The description area is a synopsis that people are going to be able to read before deciding whether to look through the entire post. Think of it as a mini advertisement – you want to let everyone know exactly how the post is going to help them and why they should read it.

At the bottom, you’ll be asked to do a simple arithmetic problem and type in your answer to prove that you are, indeed, a human. Then, all that’s left is to click preview and submit, and your post will immediately be viewable on the What’s New page

Don’t just submit the article and forget it. Feel free to send the Sphinn link to friends you think might be interested in the article. You can also post it through to Twitter, Facebook or other social networking sites. The more people you get to see the Sphinn post, the more sphinns it will get once people read the post (if they like the content).

Some Sphinn Pitfalls

While I found Sphinn to be a useful in increasing my knowledge in all things internet marketing, Sphinn does have a few issues that I hope they’ll address.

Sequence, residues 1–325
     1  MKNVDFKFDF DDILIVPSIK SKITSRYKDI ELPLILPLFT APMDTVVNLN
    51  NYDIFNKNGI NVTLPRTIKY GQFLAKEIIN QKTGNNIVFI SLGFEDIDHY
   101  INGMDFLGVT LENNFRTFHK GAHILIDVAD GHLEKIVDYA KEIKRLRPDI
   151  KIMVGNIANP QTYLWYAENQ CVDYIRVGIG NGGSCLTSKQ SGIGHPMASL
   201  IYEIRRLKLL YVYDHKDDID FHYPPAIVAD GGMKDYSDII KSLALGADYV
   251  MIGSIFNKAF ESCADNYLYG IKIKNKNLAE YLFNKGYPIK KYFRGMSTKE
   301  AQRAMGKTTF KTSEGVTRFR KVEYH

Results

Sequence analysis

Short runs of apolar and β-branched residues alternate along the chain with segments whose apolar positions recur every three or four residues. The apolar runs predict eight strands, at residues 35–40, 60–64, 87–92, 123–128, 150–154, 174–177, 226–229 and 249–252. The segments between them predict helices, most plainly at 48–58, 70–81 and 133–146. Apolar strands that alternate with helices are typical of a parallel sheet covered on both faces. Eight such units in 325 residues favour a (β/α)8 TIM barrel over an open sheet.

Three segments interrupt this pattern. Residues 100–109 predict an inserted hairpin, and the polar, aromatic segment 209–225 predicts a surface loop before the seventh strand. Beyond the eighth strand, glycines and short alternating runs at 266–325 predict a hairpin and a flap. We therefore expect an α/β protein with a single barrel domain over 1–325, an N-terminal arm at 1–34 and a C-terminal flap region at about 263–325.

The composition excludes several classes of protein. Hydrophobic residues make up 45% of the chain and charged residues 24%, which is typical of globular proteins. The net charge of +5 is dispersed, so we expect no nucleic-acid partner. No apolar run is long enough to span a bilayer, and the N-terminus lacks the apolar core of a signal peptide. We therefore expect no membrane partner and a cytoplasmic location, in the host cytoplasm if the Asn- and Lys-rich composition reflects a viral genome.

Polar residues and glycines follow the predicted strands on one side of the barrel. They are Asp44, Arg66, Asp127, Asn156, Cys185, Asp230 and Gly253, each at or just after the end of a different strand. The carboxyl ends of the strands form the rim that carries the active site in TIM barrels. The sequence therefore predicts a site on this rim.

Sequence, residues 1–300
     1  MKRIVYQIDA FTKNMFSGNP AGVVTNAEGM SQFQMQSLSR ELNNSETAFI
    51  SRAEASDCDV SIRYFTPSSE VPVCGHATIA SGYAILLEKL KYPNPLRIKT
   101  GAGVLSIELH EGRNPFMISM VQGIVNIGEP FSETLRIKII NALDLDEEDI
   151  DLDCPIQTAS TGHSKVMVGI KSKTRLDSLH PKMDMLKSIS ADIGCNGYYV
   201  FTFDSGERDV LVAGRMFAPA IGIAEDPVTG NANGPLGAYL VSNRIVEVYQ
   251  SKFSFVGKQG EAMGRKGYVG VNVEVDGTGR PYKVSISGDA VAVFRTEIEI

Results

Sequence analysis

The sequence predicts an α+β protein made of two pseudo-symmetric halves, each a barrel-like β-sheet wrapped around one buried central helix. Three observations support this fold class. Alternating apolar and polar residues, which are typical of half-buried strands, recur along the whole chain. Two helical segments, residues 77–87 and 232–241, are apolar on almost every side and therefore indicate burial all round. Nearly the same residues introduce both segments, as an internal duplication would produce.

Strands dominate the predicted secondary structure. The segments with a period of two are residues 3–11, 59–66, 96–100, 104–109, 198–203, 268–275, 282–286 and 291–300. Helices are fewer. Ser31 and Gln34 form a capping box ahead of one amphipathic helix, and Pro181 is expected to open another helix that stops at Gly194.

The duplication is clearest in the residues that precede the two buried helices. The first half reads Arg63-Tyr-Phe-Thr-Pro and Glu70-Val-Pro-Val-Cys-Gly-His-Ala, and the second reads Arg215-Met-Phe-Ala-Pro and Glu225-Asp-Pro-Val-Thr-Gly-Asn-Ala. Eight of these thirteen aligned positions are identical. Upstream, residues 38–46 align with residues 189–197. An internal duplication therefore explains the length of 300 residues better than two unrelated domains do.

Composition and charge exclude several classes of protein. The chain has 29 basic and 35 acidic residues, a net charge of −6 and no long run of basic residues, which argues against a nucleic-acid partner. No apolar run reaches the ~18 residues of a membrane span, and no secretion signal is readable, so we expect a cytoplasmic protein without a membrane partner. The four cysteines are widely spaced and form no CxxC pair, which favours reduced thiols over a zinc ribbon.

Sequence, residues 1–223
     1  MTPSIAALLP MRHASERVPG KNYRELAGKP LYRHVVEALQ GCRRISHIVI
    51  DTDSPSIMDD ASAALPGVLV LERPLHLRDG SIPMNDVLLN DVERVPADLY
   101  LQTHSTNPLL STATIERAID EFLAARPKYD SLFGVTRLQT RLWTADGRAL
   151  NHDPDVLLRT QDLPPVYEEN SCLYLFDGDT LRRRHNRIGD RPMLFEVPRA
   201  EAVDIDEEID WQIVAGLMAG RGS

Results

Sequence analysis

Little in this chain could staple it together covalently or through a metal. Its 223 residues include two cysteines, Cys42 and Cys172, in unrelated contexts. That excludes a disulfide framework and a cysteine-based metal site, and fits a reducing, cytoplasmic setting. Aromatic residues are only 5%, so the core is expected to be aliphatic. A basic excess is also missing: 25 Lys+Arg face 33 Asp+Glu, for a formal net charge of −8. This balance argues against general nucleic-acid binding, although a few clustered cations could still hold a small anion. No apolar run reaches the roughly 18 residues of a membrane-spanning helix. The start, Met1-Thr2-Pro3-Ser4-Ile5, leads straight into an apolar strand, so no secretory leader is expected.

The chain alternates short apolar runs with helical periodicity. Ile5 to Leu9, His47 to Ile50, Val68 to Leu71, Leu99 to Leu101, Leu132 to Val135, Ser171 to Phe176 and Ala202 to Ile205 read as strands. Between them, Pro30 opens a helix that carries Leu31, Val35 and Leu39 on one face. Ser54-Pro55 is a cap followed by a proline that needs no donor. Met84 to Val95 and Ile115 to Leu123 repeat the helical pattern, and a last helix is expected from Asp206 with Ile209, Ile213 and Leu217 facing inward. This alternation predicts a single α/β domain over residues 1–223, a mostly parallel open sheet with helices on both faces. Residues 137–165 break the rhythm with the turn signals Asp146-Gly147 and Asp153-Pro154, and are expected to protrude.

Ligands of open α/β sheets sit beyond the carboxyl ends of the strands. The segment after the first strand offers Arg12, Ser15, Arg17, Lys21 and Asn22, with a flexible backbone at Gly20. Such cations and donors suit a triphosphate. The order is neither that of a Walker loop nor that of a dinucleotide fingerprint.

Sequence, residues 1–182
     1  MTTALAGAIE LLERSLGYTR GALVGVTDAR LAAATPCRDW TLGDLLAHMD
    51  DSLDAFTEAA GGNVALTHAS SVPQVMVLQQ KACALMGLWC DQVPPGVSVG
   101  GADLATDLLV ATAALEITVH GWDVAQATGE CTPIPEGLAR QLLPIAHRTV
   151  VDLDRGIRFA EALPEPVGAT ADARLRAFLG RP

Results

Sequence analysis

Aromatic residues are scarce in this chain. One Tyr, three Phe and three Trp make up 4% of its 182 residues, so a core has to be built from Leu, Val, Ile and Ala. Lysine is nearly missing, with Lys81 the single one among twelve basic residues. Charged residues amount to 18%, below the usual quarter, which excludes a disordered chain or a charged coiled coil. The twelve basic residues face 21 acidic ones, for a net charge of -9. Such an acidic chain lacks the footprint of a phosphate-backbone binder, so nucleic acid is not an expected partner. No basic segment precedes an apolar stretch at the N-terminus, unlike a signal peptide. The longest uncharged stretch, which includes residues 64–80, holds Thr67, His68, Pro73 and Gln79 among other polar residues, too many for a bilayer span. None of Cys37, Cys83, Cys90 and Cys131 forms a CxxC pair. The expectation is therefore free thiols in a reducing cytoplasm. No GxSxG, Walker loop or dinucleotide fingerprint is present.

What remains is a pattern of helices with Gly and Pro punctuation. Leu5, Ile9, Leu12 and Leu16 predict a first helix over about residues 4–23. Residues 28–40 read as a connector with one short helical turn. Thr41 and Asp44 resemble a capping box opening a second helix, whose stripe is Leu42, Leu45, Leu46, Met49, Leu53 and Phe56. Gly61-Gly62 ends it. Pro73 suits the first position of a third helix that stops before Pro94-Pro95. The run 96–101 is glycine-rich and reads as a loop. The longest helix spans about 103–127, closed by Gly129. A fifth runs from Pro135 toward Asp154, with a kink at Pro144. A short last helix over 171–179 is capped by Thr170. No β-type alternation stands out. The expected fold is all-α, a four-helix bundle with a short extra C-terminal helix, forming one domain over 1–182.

• The site can be a little “cliquey” with obvious “in jokes” that make the homepage and people being referred to only by their first name, like I should already know who they are.
  • Flame wars can and do happen in the comment portion of posts on highly debated topics.
  • While there is a desphinn option, since it is publicly known who desphinns an article, it is intimidating to actually desphinn something because desphinns can sometimes come with backlash.
  • When Sphinn decided to prevent Water Cooler topics from hitting the homepage, it also prevented hot articles from showing in the Water Cooler category at all, even on the Water Cooler hot topics page. While I can understand why Water Cooler posts don’t make the homepage, I’d like to see the Water Cooler posts that have gone hot when I take the time to navigate to that specific page.

Benefits of Sphinn

I’m definitely still learning the industry, but it doesnt take an expert to see the benefits of using Sphinn.

For users, the benefits are being able to locate internet marketing themed posts that hopefully have some value and can add to your internet marketing knowledge. For industry writers and bloggers, one of your stories being submitted and going hot on Sphinn can bring your site exposure and traffic.

deanna-de-bara.jpgDeanna de Bara is an Account Manager at Sugarrae and contributing writer to their often controversial Internet Marketing Blog which focuses on SEO, content development and affiliate marketing. When not poring over SEO related posts and patents, Deanna can be found snowboarding in Colorado or loudly cheering on the Jets in her native New York.